Mayumi Prins, PhD Professor and Basic Science Executive Council Member Director, BIRC Education Program
The project entitled “Cerebral Substrate Support After Traumatic Brain Injury” was funded by the National Institute of Neurological Disorders and Stroke at NIH to investigate the therapeutic potentials of alternative substrates after Traumatic Brain Injury in improving brain metabolism and behavioral recovery. Despite decades of intensive research there is still no effective treatment to promote functional recovery after traumatic brain injury (TBI) and at least 5.3 million Americans currently live with TBI associated disabilities. These chronic disabling impairments that impact independent living are associated with annual economic costs of at least $56 billion. There is an urgent need for novel research and different approaches to evaluate potential therapies for their impact on recovery after TBI. The aims of this project will provide the following information contributing to its impact on the TBI population. The experiments proposed in this grant will be the first to directly compare the effectiveness of alternative brain fuels in improving brain energy metabolism and functional recovery after TBI. Collectively this work challenges the current standard of care (maintaining plasma glucose levels) for all TBI patients and helps determine the optimal brain fuel with the goal of improving the lives of TBI patients and their families.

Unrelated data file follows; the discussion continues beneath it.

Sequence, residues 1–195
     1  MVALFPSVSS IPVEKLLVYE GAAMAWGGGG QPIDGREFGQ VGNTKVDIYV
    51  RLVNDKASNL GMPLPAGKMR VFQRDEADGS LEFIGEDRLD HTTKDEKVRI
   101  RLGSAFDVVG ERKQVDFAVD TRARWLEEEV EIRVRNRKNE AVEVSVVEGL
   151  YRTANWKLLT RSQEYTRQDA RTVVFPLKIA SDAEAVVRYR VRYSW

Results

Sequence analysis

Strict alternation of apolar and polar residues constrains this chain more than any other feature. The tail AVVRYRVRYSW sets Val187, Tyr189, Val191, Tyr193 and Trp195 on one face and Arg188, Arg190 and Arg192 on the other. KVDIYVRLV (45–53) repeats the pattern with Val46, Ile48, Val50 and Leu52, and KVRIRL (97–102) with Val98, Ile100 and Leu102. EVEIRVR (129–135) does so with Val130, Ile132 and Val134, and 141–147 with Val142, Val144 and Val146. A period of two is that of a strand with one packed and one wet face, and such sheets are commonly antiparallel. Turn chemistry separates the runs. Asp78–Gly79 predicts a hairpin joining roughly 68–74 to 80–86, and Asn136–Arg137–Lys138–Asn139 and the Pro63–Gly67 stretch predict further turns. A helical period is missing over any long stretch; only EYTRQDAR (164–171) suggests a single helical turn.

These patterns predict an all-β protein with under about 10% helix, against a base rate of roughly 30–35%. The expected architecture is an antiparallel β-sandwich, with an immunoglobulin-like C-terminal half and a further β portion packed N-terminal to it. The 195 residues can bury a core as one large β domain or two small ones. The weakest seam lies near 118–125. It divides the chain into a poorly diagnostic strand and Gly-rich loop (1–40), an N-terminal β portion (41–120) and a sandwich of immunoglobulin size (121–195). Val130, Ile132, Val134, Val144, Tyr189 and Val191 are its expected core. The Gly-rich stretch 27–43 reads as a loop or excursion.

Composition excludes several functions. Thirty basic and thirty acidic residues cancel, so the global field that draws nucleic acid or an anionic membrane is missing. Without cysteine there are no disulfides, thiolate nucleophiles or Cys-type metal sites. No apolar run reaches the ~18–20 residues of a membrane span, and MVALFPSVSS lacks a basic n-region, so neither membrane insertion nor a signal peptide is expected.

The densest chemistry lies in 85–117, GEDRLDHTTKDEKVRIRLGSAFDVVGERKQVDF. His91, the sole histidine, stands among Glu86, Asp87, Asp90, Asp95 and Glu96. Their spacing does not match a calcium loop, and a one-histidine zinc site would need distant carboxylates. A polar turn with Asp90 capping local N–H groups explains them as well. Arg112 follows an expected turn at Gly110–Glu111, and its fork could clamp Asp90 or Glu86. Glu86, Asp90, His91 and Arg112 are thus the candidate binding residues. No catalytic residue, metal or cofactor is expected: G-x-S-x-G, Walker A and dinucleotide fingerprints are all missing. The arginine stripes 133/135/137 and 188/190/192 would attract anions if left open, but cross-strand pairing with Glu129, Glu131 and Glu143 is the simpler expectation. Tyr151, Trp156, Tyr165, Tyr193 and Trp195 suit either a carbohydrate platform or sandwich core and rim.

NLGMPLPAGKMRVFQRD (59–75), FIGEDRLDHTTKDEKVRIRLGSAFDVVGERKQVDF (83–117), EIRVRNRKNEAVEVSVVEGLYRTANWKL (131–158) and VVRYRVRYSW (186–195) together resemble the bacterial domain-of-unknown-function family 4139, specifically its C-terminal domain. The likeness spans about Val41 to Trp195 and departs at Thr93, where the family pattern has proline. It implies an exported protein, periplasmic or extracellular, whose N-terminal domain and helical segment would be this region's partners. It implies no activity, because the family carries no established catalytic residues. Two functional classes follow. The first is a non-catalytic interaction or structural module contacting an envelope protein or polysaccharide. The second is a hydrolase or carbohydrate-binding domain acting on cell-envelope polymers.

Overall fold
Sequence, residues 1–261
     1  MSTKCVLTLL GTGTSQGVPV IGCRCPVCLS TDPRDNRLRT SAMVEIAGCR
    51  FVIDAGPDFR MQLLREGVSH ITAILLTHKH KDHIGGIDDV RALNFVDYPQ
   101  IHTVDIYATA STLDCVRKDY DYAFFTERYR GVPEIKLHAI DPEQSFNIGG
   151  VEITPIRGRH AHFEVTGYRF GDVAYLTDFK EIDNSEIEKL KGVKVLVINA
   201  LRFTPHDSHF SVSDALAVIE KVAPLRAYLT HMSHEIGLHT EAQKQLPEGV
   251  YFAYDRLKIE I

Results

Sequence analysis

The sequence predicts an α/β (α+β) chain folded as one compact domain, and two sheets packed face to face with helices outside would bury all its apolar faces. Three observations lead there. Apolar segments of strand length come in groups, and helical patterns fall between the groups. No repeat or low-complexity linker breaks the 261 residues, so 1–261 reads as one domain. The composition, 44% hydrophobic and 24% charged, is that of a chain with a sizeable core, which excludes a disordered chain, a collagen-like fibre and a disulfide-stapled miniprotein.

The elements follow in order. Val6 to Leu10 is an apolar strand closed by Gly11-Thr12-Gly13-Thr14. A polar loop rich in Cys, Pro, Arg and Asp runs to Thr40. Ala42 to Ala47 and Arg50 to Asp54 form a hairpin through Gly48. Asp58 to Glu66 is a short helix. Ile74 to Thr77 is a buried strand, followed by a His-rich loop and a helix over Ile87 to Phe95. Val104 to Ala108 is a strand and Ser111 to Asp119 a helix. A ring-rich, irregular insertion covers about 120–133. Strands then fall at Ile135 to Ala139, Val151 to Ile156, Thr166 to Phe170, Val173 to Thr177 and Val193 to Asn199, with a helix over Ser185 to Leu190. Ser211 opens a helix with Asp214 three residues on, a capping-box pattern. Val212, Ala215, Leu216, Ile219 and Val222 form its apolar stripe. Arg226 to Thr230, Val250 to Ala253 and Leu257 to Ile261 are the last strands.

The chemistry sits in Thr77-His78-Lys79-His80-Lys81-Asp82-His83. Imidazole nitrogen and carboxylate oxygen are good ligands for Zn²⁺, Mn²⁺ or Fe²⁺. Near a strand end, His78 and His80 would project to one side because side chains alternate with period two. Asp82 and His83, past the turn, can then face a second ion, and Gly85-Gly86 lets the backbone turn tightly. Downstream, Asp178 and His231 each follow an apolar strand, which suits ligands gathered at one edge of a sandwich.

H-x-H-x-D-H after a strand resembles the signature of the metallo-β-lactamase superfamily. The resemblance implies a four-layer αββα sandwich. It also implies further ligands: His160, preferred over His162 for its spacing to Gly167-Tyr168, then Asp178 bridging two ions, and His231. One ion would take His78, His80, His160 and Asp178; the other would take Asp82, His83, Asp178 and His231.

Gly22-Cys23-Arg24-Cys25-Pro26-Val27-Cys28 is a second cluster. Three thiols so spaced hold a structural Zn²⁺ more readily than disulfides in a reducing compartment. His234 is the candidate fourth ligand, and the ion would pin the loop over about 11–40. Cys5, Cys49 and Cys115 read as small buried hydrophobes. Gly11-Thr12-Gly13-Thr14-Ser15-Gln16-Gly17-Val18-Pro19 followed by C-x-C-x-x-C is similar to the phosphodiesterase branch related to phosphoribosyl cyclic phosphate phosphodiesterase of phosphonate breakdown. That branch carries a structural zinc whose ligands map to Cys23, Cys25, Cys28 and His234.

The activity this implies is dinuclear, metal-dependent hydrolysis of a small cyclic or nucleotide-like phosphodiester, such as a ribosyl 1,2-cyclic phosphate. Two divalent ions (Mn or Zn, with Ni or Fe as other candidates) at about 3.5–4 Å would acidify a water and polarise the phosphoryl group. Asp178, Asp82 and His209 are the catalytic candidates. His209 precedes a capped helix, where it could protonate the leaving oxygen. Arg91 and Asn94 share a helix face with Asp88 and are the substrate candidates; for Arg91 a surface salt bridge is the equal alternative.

The project entitled “ Timing of Exercise in Concussed Rathletes” was funded by the Brain Injury and Neurovascular Pathologies section at NIH to address the effects of exercise on repeat concussions and determines when it is safe to resume activity in male and females. Traumatic brain injury (TBI) affects an estimated 3.8 million people per year with adolescent and young adults representing the population with highest injury incidence. The majority of the injuries are mild TBI (mTBI) or concussions. According to the CDC, sports related activities make up over 50% of concussion and mTBI with approximately 1/3 experiencing repeat concussions. Repeat mTBI (rTBI) is a growing concern for adolescents and young adults and occurs during a time of ongoing cerebral development. The current guidelines for athletes with concussions is to rest until symptom free and then start the return to play protocol. Mental and physical rest have been encouraged to reduce cerebral energy demands, prevent risk of additional injuries, and to avoid the presumably detrimental effects and symptom exacerbation associated with early exercise. However, the question of exercise after concussion has been revived by an increasing number of reports emphasizing the benefits of activity. What remains unclear is when can athletes with concussions resume exercise without exacerbating damage, impairing cognition or interfering with plasticity. The central objective of this grant is to determine the optimal time to rest before starting exercise as it relates to sex and activity level prior to injury. Collectively, findings from these studies will show that the brains of athletes are fundamentally different than those of sedentary individuals and these differences contribute to different responses and recovery from rTBI. These studies will not only provide important effects of exercise on the brain in regards to adolescent brain health, but will also provide guidance for return to activity and play guidelines for all concussed adolescents and young adults.